Reporters Without Borders calls on the foreign media to take greater care to protect the Syrian journalists who work for them and to protect their other sources in Syria. Fixers, interpreters, drivers, interviewees and all others in Syria who provide them with information take great risks to do so. This should be kept in mind.
“We know of dozens of Syrians who have been arrested and tortured after giving interviews to foreign media about the repression in their country,” Reporters Without Borders said. “Others have been arrested for working for foreign journalists in Syria or abroad. The Syrian security agencies are making unprecedented efforts to identify those who help foreign reporters or talk to them. International media must use the utmost prudence in their contacts with Syrians. Whenever Syrians give an interview about the situation in their country, they and their families are exposed to serious reprisals.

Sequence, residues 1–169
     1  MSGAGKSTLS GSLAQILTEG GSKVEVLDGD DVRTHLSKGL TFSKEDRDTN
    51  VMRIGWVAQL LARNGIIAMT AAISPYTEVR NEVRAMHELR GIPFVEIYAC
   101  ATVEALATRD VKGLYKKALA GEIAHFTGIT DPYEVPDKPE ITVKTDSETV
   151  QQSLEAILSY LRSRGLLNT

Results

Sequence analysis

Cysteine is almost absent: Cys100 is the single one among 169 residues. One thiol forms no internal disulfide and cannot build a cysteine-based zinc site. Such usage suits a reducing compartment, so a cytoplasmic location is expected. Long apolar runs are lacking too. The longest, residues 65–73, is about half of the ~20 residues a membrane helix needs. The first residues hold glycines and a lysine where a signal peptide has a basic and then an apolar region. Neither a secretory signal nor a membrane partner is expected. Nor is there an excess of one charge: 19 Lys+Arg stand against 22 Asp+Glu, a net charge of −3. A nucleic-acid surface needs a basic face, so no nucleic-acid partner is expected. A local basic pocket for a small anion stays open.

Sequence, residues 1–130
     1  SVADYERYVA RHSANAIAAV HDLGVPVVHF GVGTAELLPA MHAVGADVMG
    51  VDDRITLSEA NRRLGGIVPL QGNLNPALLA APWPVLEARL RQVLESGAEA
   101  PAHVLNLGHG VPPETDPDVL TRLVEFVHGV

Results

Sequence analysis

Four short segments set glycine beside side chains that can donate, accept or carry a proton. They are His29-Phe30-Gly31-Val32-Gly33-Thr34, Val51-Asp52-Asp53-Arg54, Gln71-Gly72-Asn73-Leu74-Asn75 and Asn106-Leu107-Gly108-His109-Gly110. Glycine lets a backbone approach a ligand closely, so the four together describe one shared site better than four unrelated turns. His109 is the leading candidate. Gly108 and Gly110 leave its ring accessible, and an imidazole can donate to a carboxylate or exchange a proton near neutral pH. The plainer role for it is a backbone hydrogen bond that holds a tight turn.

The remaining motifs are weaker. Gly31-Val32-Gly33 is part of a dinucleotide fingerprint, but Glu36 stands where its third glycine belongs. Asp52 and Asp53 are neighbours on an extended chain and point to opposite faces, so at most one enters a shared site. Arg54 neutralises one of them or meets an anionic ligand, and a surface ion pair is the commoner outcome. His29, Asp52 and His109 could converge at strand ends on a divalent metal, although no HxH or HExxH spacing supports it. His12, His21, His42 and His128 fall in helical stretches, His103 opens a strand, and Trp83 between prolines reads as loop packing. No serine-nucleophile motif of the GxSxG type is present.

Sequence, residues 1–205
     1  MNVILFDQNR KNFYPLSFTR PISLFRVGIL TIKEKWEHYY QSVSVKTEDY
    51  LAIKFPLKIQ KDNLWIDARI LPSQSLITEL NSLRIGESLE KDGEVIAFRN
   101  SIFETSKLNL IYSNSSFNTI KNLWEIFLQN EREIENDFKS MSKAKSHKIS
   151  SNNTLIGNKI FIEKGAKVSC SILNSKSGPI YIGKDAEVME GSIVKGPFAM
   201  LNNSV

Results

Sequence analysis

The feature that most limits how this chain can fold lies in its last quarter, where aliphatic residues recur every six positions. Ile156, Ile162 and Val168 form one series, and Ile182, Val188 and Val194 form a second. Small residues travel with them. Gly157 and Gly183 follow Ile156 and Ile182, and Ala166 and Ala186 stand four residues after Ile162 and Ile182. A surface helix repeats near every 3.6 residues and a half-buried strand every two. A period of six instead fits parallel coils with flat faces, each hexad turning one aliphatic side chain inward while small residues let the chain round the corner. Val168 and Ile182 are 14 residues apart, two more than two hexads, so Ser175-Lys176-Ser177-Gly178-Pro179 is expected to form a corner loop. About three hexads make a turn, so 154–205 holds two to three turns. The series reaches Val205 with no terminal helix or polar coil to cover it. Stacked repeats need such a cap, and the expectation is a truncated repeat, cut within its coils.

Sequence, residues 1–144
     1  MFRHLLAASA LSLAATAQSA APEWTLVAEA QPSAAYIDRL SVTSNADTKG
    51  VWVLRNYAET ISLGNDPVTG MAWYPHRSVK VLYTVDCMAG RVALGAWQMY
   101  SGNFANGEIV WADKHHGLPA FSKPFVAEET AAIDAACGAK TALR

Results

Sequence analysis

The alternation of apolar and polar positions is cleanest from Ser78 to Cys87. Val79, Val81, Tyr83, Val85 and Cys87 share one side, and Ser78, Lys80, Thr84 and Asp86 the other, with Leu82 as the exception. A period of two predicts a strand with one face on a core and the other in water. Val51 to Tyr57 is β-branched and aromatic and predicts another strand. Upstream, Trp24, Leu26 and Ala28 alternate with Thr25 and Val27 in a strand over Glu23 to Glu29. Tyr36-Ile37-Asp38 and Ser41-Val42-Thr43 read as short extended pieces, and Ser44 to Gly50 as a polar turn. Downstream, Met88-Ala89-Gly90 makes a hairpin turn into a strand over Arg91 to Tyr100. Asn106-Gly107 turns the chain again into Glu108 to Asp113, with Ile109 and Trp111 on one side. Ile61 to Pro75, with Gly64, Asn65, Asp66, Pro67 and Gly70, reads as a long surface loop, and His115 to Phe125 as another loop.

“While the media must continue to provide coverage of the situation in Syria that is as detailed and complete as possible, it is also crucial to carefully evaluate the risks taken by those who supply this information. The duty to provide coverage should not be satisfied at the expense of the sources’ safety.”
A Syrian fixer recently complained to Reporters Without Borders about reckless foreign reporters who “seek their 15 minutes of fame by getting themselves arrested” without weighing the consequences for the people who have helped them or accompanied them.
If a foreign reporter is arrested in Syria, he faces a few days in detention and then deportation. But Syrians pay a much higher price for their involvement. Reporters Without Borders is aware of dozens of cases of people whose current whereabouts is unknown after they worked for a foreign journalist or just answered a foreign media’s questions.
Representatives of the exile Syrian National Council and local journalists asked Reporters Without Borders to make it clear to foreign journalists that they should stop visiting Syria until the situation has evolved. “They should leave the country ASAP and stay out,” one local journalist said.
“This is not our message,” Reporters Without Borders added. “But we do urge all journalists to take the utmost care, especially as many of them do not know the country and are unaware of the methods used by the mukhabarat (intelligence services) to identify those who cooperate with foreign media.”